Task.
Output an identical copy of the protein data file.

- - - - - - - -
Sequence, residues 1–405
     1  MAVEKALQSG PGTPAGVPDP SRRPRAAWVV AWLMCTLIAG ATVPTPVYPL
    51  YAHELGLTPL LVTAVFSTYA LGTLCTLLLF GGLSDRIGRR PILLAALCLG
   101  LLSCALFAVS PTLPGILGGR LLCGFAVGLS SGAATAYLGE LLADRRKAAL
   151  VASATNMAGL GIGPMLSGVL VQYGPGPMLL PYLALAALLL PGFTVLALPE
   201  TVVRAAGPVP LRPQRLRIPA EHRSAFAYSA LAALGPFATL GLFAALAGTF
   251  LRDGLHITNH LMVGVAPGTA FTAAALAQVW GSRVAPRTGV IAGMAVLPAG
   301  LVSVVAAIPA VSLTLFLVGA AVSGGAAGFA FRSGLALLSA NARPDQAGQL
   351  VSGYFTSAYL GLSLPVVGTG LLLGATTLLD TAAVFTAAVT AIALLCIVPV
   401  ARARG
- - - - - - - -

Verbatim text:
Sequence, residues 1–405
     1  MAVEKALQSG PGTPAGVPDP SRRPRAAWVV AWLMCTLIAG ATVPTPVYPL
    51  YAHELGLTPL LVTAVFSTYA LGTLCTLLLF GGLSDRIGRR PILLAALCLG
   101  LLSCALFAVS PTLPGILGGR LLCGFAVGLS SGAATAYLGE LLADRRKAAL
   151  VASATNMAGL GIGPMLSGVL VQYGPGPMLL PYLALAALLL PGFTVLALPE
   201  TVVRAAGPVP LRPQRLRIPA EHRSAFAYSA LAALGPFATL GLFAALAGTF
   251  LRDGLHITNH LMVGVAPGTA FTAAALAQVW GSRVAPRTGV IAGMAVLPAG
   301  LVSVVAAIPA VSLTLFLVGA AVSGGAAGFA FRSGLALLSA NARPDQAGQL
   351  VSGYFTSAYL GLSLPVVGTG LLLGATTLLD TAAVFTAAVT AIALLCIVPV
   401  ARARG